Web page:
The Atlantis organization proved to be well-run on land as well. We were met at our hotels for transport to MNL airport to get to the boat. On the way back, three went to Puerto Galera, one stayed in Manilla, while the other went to Atlantis Dumaguete. I chose to do a two-day trip to Donsol to snorkel with whale sharks before continuing to Puerto Galera. An Atlantis member met me in MLN and took gear I would not need diving apparatus, [broken] camera box with strobes and returned it to me after that jaunt when I was provided transport to Atlantis Puerto Galera for a few days, where I had a reunion with the three Azores divers. This way I avoided overweight charges on the CEBU airlines I flew to and from Legazpi. It was an hour drive from that airport to Giddys in Donsol, Sorsogon. They had arranged a whale shark encounter trip for me the next morning, so we met in the lobby at 7a and got on the boat at 8a. I lucked out here, expecting to share a boat with 5-6 others, but shared it with a recent U of PA grad working for WWF on a whale shark ID project. During the next 2.5 hours we had 8 encounters with whale sharks in plankton-filled water (the non-allowed strobes would not have been effective in such conditions). Other boats and passengers were there, too. The sharks were generally 15-20 feet deep and generally that size, so getting down to their level and waiting for them to show (appear out of the gloom) was a skin divers challenge. I did manage to get in position a few times and got some photos, but was not able to get below any shark for an upward shot. Later that evening I took a boat ride on the nearby river to see the firefly show. Their fireflies are only just over 1cm, with males flashing 2 sec at a time while females flash 5 sec at a time. Once in a while we came upon the type of mangrove that produced blooms that attract these fireflies by the thousands. Picture a tree with a light or two on each leaf, constantly flashing. We tied up under two such trees and enjoyed natures show for a while. The fireflies were easy to catch to see up close and then release. Ill cover Atlantis Puerto Galera next.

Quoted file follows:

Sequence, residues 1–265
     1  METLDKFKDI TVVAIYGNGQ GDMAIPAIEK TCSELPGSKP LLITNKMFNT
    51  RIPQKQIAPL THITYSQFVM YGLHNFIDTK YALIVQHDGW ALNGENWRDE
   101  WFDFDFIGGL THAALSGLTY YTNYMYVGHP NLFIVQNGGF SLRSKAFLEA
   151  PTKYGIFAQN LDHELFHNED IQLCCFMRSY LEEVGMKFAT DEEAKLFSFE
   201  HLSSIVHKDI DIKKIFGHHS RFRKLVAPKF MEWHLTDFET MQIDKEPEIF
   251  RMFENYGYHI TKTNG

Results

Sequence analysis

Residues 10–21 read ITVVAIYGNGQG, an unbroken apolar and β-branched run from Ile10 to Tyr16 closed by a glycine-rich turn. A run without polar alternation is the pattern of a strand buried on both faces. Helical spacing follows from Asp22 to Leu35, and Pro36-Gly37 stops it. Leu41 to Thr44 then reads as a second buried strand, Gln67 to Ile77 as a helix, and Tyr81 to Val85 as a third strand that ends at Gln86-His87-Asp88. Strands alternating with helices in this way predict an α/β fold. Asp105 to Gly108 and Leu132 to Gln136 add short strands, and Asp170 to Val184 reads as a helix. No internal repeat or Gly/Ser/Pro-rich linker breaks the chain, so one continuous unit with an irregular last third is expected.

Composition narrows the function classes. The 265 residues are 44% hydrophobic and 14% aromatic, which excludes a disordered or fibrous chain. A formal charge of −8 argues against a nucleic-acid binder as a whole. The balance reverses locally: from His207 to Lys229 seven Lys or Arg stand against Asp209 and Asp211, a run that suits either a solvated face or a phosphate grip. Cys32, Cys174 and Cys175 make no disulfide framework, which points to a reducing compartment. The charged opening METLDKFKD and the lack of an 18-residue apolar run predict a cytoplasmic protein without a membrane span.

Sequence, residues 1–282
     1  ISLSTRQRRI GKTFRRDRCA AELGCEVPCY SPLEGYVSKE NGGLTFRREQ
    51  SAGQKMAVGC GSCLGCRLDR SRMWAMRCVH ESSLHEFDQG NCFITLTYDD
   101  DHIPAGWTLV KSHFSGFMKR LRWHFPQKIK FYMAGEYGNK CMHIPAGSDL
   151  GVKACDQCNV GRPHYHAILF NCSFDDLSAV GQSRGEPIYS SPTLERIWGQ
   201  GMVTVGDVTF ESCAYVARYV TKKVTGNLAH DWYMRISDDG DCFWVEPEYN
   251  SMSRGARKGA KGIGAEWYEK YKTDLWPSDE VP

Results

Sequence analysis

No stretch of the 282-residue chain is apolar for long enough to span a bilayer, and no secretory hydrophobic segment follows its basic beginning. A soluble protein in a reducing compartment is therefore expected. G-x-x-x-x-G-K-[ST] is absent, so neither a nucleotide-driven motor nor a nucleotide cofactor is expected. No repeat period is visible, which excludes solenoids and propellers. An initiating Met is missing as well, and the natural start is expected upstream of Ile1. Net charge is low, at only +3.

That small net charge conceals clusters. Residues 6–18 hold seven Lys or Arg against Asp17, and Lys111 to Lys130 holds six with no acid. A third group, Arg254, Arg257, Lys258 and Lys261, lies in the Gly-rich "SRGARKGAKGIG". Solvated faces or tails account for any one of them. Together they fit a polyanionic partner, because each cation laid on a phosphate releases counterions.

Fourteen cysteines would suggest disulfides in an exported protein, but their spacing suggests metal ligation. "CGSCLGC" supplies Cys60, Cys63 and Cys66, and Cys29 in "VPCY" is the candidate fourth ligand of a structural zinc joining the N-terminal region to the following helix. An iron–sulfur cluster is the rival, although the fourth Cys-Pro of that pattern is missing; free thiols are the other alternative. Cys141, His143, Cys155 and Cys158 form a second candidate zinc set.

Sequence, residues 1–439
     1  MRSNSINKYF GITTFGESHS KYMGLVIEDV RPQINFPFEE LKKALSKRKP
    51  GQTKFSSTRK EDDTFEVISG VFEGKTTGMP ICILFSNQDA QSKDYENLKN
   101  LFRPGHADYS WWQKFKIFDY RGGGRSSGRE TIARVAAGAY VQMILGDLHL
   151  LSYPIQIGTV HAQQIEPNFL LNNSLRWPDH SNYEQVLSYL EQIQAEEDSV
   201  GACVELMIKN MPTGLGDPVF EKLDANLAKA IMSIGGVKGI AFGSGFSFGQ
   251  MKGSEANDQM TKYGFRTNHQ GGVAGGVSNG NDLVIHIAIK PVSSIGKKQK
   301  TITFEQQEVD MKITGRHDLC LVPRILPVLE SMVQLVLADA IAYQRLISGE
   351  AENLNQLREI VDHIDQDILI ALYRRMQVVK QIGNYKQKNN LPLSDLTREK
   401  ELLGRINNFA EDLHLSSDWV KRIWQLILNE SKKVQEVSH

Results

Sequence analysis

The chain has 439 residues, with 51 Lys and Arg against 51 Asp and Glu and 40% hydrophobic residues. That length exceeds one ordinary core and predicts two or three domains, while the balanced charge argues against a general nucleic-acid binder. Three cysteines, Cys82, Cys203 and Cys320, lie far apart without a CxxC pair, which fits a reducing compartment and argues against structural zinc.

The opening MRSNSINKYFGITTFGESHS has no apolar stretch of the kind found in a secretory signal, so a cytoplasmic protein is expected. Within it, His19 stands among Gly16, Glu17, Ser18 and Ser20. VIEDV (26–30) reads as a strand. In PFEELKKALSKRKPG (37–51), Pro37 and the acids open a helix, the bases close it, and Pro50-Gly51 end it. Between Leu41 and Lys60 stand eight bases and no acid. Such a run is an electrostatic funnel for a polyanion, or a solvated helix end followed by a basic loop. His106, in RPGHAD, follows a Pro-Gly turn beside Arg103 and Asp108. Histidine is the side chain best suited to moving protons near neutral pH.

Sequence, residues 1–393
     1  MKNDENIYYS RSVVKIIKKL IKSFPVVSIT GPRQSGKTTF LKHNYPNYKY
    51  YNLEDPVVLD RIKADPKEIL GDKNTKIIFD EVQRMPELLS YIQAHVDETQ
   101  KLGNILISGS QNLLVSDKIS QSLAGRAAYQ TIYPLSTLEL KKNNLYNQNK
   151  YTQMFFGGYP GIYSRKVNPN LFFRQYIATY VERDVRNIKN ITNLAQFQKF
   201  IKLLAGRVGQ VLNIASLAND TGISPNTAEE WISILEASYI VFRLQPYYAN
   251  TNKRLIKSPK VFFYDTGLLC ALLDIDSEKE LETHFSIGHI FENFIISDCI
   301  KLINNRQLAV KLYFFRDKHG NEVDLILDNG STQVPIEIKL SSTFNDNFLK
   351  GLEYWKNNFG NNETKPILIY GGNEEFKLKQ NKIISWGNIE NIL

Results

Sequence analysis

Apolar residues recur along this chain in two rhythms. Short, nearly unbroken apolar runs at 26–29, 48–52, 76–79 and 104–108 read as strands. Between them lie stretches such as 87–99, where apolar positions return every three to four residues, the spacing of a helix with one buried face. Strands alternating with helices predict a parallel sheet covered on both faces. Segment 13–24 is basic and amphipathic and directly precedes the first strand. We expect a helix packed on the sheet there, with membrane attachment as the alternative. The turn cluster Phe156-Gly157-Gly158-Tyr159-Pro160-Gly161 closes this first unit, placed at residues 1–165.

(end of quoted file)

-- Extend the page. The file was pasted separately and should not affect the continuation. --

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Note: The information here was reported by the author above, but has NOT been reviewed nor edited by Undercurrent prior to posting on our website. Please report any major problems by writing to us and referencing the report number above.